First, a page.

Earlier today, I had three large, time-consuming things to do, the first of which was to finish off Dust: An Elysian Tail so that I could write this review. The other tasks were still untouched three hours after gaining access to the final area: despite the time pressure, I wanted to hunt for secrets and complete side-quests. (Well, that, and the other tasks were boring. Never underestimate my ability to procrastinate.)
Dust is good. I say this now, rather than stringing it out over the course of the review, because I rather suspect that a fair number of people will look at the screenshots and dismiss it immediately on the basis that its cast is comprised of anthropomorphic animals, and thinking of this as “being for kids” or “being for furries” would be doing a grave disservice to a beautiful, fluid, Metroidvania-esque platformer. Far too many people ignored the wonderfully irreverent Recettear for similar reasons, and I’d rather not see it happen again.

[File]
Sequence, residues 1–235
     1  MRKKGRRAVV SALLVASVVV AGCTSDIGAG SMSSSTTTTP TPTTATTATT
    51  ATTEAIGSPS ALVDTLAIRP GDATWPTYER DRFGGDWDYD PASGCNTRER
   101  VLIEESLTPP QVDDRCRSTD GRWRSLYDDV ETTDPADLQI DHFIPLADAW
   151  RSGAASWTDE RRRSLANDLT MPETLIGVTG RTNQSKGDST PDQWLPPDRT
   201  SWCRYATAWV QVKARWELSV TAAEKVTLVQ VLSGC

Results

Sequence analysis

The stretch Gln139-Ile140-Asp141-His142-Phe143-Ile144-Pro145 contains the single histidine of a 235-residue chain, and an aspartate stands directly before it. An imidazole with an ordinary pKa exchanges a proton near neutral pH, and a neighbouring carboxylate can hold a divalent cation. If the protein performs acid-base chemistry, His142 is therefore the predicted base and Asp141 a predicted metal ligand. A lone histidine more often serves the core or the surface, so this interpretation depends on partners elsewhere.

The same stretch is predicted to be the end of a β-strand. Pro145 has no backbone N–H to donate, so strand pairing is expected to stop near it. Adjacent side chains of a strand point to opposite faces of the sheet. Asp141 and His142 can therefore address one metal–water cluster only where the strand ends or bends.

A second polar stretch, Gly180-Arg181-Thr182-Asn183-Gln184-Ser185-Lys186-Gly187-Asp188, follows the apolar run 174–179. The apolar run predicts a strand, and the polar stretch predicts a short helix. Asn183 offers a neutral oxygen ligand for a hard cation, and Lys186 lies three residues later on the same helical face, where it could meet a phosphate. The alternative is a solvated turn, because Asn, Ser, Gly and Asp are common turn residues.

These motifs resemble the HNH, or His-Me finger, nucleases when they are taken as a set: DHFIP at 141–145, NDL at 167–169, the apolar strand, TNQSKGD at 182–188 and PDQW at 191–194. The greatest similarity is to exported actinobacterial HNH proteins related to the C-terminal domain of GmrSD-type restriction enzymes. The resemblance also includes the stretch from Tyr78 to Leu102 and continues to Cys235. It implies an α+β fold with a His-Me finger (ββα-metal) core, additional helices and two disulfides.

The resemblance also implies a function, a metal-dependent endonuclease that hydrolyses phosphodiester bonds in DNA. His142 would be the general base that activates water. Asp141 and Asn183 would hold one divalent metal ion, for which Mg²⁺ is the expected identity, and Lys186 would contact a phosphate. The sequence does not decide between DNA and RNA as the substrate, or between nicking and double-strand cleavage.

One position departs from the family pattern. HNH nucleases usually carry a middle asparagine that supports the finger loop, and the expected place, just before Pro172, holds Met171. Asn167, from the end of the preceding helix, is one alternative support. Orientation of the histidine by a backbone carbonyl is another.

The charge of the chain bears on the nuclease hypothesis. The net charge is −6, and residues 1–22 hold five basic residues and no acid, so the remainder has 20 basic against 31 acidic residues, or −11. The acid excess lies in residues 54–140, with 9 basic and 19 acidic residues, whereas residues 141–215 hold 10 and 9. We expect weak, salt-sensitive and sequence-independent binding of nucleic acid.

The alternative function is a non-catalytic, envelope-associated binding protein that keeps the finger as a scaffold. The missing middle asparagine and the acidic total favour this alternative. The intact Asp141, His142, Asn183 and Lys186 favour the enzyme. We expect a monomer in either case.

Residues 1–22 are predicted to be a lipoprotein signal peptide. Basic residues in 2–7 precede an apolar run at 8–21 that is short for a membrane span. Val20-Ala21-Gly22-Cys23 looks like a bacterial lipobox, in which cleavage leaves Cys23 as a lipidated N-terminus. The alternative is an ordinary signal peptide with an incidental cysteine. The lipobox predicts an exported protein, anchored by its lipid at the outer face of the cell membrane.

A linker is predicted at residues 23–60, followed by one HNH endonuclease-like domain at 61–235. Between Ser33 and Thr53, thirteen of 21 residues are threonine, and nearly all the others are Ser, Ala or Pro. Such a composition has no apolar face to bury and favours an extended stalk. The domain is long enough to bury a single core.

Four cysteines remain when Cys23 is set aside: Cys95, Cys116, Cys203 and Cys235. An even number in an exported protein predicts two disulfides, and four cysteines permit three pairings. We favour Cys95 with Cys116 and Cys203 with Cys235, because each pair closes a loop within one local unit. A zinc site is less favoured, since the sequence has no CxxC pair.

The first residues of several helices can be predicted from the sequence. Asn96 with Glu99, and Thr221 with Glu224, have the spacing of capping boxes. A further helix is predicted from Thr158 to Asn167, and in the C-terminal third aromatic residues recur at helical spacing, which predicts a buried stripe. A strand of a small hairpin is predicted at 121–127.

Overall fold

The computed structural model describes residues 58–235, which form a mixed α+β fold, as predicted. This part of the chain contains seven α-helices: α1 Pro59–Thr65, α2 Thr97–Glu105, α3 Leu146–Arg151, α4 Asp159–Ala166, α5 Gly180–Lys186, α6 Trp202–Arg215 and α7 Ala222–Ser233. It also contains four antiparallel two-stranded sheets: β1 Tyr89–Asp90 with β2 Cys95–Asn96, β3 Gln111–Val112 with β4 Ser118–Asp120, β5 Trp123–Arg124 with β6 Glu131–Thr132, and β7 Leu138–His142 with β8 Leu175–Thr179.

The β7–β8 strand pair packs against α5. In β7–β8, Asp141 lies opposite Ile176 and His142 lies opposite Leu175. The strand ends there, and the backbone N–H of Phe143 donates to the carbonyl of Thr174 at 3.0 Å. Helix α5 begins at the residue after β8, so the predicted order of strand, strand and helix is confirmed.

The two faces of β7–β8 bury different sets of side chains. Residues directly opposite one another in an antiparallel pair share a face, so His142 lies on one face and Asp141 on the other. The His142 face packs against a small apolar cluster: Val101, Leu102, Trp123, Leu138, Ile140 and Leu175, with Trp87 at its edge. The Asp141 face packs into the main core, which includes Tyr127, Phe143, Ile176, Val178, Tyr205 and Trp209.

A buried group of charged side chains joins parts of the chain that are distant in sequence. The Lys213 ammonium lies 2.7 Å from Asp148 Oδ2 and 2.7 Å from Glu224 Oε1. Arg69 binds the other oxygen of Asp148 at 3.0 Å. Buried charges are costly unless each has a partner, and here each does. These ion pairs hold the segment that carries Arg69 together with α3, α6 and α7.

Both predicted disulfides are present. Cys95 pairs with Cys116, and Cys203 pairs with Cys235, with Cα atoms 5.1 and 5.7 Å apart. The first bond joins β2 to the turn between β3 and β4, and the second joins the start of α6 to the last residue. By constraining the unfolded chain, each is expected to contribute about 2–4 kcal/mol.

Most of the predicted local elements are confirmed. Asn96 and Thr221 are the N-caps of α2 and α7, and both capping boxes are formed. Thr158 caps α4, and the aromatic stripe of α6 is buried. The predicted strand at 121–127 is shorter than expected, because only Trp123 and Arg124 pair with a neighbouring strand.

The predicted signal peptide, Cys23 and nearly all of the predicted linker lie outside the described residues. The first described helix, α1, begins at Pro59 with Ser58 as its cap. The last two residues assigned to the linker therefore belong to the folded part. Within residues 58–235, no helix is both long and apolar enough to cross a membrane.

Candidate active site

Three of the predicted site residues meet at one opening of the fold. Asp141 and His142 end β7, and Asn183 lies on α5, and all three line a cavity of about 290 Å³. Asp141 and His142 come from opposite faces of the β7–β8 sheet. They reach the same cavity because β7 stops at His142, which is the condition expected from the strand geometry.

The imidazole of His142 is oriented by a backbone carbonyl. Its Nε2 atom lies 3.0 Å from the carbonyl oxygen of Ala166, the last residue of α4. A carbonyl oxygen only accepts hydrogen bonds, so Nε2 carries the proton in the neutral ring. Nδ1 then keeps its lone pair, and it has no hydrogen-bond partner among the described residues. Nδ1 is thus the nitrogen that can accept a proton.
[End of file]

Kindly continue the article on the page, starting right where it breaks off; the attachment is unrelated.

It’s fair to say that Dust conjures up memories of years past, and not just because the silky-smooth hand-drawn animation evokes the glory days of animated movies. Had 2D platformers maintained their stranglehold on the gaming industry then Dust is, I suspect, fairly close to what a major studio might’ve pushed out a few years ago. The animation is as smooth as that of Shiny’s Aladdin, the colours are bright and eye-catching, the mechanics of exploration and gradual power gain are culled from Super Metroid and Castlevania: Symphony of the Night, the level settings (forest zone, ice zone, fire zone, etc.) are pretty much the platforming standard, and naturally, the cast of anthropomorphic animals is highly reminiscent of the heroes of plenty of 90s games. It’s almost a snapshot of gaming as it was 15-20 years ago, given a modern-day lick of paint.